Back In the 1980’s, Oscar-winning film director James Cameron predicted that by the year 2017 the Earth will be in ruins swarming with homicidal robots. Fortunately, this didn’t turn out to be true, at least for now. But what is actually going on with the robots today?
The fact is that robotization is gaining momentum fast. According to Roboforum, North American production sector has seen a record amount of robot workers this year. Only in the first six months of 2016 companies have purchased 14 500 new industry robots with the estimated total cost standing at $817m.
Notably, a sharp rise in use of robots is observed in food manufacturing and retail industry with number of the purchased machines going up 41% compared with last year.
One of the reasons for such a dramatic growth is the technological breakthrough in use of drones. A plethora of new projects and ideas is born each day with researchers predicting that in the near future the UAV’s would be doing a wide variety of tasks, ranging from pizza delivery to first-aid treatment in case of road-traffic accidents.
Actually, there are plenty examples of this already happening. Dutch company TRNDlabs has designed Pico Drone, a tiny drone which can help scientist in their exploration of hard-to-reach locations on the open terrain. Meanwhile researches from the Swiss Federal Institute of Technology Zurich have successfully tested use of drones in building and construction operations. A couple of drones wove a bridge out of polyethylene fiber rope in an intricate dance. Some 120 meters of rope were used to bridge the 7.4-meter gap, neatly tying knots, links, and braiding. The drones could not have possibly functioned without the uniform steel scaffolding for anchors or the precision indoor tracking system absent which would have made them to not only make a mess, but crash and burn.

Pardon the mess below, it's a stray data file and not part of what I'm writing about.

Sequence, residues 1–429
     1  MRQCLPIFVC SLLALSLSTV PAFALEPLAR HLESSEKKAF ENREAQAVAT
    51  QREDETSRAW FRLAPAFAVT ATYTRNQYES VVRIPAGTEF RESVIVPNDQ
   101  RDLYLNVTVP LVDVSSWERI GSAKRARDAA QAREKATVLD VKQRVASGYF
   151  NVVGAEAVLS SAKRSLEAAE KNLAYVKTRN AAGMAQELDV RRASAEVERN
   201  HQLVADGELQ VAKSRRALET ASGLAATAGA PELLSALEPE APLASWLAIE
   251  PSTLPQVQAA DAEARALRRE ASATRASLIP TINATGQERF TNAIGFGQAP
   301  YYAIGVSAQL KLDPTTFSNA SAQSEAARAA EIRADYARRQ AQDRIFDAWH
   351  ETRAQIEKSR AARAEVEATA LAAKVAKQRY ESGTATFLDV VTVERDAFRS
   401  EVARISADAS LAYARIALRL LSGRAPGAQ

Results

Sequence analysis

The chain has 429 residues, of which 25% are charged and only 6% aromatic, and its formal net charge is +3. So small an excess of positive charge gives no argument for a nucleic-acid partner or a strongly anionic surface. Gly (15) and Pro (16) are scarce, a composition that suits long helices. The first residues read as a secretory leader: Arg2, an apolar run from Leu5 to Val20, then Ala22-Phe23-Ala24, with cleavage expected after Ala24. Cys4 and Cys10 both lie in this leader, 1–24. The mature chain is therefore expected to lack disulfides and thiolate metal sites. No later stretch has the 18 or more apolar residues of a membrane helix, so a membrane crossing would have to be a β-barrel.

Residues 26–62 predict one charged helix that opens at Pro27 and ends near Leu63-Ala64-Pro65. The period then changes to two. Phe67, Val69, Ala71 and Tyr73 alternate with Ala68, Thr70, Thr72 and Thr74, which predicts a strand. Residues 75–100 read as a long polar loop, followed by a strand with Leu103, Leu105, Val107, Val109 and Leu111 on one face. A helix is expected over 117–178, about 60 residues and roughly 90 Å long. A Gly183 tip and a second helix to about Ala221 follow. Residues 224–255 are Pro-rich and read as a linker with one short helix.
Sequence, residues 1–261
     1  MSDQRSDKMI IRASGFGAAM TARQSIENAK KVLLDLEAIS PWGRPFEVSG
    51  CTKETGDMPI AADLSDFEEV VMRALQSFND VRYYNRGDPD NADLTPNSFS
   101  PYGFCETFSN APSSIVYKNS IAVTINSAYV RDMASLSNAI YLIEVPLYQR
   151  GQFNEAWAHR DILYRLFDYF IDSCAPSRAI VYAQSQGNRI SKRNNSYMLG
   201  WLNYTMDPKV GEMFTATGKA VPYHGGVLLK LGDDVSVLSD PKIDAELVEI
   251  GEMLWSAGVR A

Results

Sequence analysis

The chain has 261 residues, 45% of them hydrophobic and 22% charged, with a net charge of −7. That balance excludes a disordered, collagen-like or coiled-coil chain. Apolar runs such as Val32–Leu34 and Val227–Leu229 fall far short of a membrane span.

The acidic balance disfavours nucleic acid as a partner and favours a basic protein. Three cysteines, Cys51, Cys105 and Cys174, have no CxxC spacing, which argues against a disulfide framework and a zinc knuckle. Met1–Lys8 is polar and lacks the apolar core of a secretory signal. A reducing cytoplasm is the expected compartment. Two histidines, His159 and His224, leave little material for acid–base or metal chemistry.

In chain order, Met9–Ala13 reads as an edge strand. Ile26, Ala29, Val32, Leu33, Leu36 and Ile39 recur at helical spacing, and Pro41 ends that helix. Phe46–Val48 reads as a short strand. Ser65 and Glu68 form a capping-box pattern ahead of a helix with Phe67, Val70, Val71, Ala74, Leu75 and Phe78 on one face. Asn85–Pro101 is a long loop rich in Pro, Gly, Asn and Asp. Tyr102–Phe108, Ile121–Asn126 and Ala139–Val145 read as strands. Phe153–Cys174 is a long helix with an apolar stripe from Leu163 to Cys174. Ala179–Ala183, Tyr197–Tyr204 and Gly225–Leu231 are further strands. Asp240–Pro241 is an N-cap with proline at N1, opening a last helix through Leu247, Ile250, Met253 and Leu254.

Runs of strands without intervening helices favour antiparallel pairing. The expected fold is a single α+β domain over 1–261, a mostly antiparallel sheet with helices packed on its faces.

And of course, there are some bigger projects involving the drones. Earlier this year Google has been awarded a patent that outlines a system where drones would bring medical aid to people in distress. This system can be used by both government structures and public organizations. The drones can be customized depending on the type of emergency and can either be equipped with a standard medical kit or carry more complex devices such as defibrillators. The idea is that once an emergency call has been put through, a drone departs to the incident site delivering the first aid kit, medical devices and audio and video instructions.
At the same time, there are a lot of obstacles in the way of large-scale integration of drones. The biggest of them is arguably the risk of drones colliding with people or other aircrafts.
Amazon Inc. has offered a solution to this by patenting an active collision avoidance system for delivery drones.